Spring Cloud: Sock.js + STOMP + Zuul = No WebSockets

This time I wanted to share my experience when I worked on setting up Zuul proxy in front of Websocket service.

Let’s start by stating that Zuul does not support WebSocket protocol: https://github.com/spring-cloud/spring-cloud-netflix/issues/163. So probably this post should have ended here. Despite that, I wanted to see what I will be able to achieve having already all the setup in place, with Zuul reverse proxies in front and WebSocket enabled service in back.


Our application fronted, a single web page, was using Sock.js. The library that has one crucial functionality, especially useful in this particular case, it implements multiple fallbacks protocols when WebSocket protocol is not supported. Initially it allowed to same API to work with different browsers, hiding all communication details. We facilitate this functionality as a workaround to communicate with our backing server through Zuul.


STOMP is messaging protocol that can be used on top of WebSocket (or HTTP) to communicate with more message orientated manner. Both on the client side and on the server side this is going to hide the details about routing the messages.

Spring Messaging

Spring Framework for a quite some time has been supporting both Sock.js and STOMP so we are going to use that.

Spring Integration

My goal was to connect our system internals, with the application UI. The backend already was exposing REST API. So I wanted to introduce a lightweight “WebSocket enabled” “fronted” that could be scaled separately and could simply forward the messages from fronted. We didn’t want to split the application logic across different modules, simply because they support different communication protocols, instead we have connected the web socket module with the core services through messaging system.

Spring Integration does integrate on top of Spring WebSocket support, although there are some rough edges. I wasn’t able to accomplish my goal as easly as advertised in reference: http://docs.spring.io/spring-integration/docs/4.2.1.RELEASE/reference/html/web-sockets.html and I’ve ended with construct quite similar to the below code:

public class NotificationEndpoint {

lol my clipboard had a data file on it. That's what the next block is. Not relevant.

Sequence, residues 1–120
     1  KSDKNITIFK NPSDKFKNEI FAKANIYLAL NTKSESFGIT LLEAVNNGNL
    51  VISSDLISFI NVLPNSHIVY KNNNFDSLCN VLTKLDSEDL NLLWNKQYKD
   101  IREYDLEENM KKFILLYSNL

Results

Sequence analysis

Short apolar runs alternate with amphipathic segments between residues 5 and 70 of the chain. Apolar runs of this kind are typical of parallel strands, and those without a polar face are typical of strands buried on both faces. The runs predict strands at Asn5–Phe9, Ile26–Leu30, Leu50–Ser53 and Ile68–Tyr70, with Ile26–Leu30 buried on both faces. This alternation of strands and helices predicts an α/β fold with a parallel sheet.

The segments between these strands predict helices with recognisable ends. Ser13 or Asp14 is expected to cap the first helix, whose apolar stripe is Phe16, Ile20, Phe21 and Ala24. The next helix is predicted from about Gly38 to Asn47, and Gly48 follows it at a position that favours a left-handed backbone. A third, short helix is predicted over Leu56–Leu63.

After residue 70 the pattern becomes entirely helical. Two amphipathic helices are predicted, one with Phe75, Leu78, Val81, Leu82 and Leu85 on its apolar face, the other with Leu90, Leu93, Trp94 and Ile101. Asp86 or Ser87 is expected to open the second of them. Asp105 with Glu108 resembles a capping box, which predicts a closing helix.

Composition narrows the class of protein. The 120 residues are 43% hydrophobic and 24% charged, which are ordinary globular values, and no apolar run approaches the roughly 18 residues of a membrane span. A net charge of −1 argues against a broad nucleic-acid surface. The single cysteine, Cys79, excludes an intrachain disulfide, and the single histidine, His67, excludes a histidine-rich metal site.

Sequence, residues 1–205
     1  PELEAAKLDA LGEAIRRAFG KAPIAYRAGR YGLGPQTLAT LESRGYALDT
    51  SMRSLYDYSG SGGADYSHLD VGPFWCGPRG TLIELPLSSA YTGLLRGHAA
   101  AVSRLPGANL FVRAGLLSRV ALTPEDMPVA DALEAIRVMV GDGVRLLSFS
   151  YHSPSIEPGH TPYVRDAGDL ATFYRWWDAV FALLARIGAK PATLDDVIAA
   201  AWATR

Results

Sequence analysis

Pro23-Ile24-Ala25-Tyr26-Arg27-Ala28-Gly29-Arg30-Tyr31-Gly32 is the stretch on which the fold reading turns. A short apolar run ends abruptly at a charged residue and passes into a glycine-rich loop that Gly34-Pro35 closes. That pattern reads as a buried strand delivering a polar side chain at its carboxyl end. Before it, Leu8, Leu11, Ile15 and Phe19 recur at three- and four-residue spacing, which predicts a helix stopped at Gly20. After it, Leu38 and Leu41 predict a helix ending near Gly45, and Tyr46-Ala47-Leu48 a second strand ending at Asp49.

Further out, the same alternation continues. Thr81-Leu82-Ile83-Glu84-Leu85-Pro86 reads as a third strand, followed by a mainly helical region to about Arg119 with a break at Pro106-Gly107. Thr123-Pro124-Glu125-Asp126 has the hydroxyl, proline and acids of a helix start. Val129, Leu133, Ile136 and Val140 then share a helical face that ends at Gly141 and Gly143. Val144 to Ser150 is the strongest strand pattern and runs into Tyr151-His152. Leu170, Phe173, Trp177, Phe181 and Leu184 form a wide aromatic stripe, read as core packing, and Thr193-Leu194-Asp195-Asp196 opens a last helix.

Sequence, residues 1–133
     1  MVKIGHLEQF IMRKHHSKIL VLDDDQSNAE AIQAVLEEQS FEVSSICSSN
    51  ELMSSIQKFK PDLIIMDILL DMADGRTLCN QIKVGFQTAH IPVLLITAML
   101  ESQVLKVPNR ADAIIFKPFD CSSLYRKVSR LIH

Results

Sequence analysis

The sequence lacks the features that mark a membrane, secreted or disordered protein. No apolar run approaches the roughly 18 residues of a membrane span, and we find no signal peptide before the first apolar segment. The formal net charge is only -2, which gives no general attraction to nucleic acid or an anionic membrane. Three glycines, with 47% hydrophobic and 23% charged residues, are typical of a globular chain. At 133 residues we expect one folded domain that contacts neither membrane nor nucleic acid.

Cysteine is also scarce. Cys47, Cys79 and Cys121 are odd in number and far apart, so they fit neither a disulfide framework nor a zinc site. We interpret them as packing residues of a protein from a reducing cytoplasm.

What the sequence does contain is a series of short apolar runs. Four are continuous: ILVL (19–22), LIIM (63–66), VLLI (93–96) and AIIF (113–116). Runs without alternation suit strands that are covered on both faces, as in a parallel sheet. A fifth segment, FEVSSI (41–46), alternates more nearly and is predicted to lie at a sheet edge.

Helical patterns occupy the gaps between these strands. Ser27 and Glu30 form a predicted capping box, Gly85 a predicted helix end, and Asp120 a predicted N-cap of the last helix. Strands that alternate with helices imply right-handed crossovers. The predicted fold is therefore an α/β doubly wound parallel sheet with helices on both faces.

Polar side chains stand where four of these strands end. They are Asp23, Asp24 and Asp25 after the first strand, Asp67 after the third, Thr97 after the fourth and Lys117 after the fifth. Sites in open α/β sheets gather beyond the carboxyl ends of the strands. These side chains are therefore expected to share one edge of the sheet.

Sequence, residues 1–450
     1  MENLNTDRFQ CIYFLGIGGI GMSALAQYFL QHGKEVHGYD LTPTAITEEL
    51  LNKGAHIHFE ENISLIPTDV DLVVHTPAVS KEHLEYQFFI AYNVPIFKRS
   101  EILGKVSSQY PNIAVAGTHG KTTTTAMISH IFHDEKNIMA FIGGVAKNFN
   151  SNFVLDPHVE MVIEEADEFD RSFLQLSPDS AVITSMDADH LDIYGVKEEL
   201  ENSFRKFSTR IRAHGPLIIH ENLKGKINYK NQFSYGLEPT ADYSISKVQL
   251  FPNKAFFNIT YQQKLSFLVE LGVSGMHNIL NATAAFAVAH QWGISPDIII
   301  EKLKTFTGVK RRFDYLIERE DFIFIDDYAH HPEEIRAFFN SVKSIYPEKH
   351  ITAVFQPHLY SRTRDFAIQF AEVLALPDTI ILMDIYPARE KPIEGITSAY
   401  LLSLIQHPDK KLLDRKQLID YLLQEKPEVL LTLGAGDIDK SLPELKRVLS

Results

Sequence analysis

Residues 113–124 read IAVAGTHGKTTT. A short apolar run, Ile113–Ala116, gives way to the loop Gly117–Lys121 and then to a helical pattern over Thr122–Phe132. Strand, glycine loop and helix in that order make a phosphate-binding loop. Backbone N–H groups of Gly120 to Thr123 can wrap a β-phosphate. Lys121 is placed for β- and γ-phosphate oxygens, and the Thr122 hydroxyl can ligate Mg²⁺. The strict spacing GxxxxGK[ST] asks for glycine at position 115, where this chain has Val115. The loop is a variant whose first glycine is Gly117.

@Resource(name = "inboundNotification")
    private DirectChannel notificationChannel;

    public void notification(String payload, Principal principal) {
        notificationChannel.send(new GenericMessage<>(payload, createHeaders(principal)));


Eventually we were using RabbitMQ in two bit different roles, first it was used as STOMP messaging relay. Allowing to scale out the WebSocket nodes. The second usage was to pass around the messages through AMQP, so that notification from backend could be forwarded through Sock.js and STOMP to UI.

Spring OAuth

We had been using OAuth2 for authentication and for that we needed to propagate the user authorization token through Sock.js to be able to authenticate. Due to the issue: https://github.com/spring-projects/spring-security-oauth/issues/478 you will have to use version 2.0.8 or otherwise you will be receiving 401 – Unauthorized status.


The Zuul setup initially was pretty standard, required only to configure proper route to discovered service.

  ignoredServices: '*'
      path: /ws/**
      serviceId: ws-frontend-service

Unfortunately the first tests that we performed, revealed that the client can not maintain the connection, which were continuously closed. Fortunately Sock.js was design in a way that it requires the server to send hearth beats. The solution was to properly set the Ribbon/Hystrix timeouts as described here. Eventually we had set the timeouts to the double of Sock.js heartbeat delays:

hystrix.command.default.execution.isolation.thread.timeoutInMilliseconds: 50000
  ConnectTimeout: 3000
  ReadTimeout: 50000


Overall I could be satisfied with such solution, though it’s not perfect and long polling will be resource consuming (keeping open the connection on the proxy and occupying the application server thread – the web socket connections generally are handled by separate server thread pools). The nice side effect of above stack is that it should allow transparently move to different transport protocol, Sock.js and STOMP nicely hide all the communication details. But if you need real web socket support you will have to resign from Zuul. Hopefully with release of Zuul 2 this matter will change.


  1. V. Edward · March 23, 2016

    Hi, I’m actually playing with websockets and zuul and your post interested me.
    Please can you share your config with us? I really want to see how it works! Thanks in advance


  2. bilak · September 14, 2016

    Hi Jakub, how did you solved the connection header which is always overwritten by zuul and set to Keep-Alive instead of Upgrade? Thanks


  3. Ronald Mthombeni · April 4, 2017

    We have created a zuul proxy web socket support feature to resolve this issue. I will be creating a pull request in spring cloud netflix soon. The library and demo are currently hosted in github.


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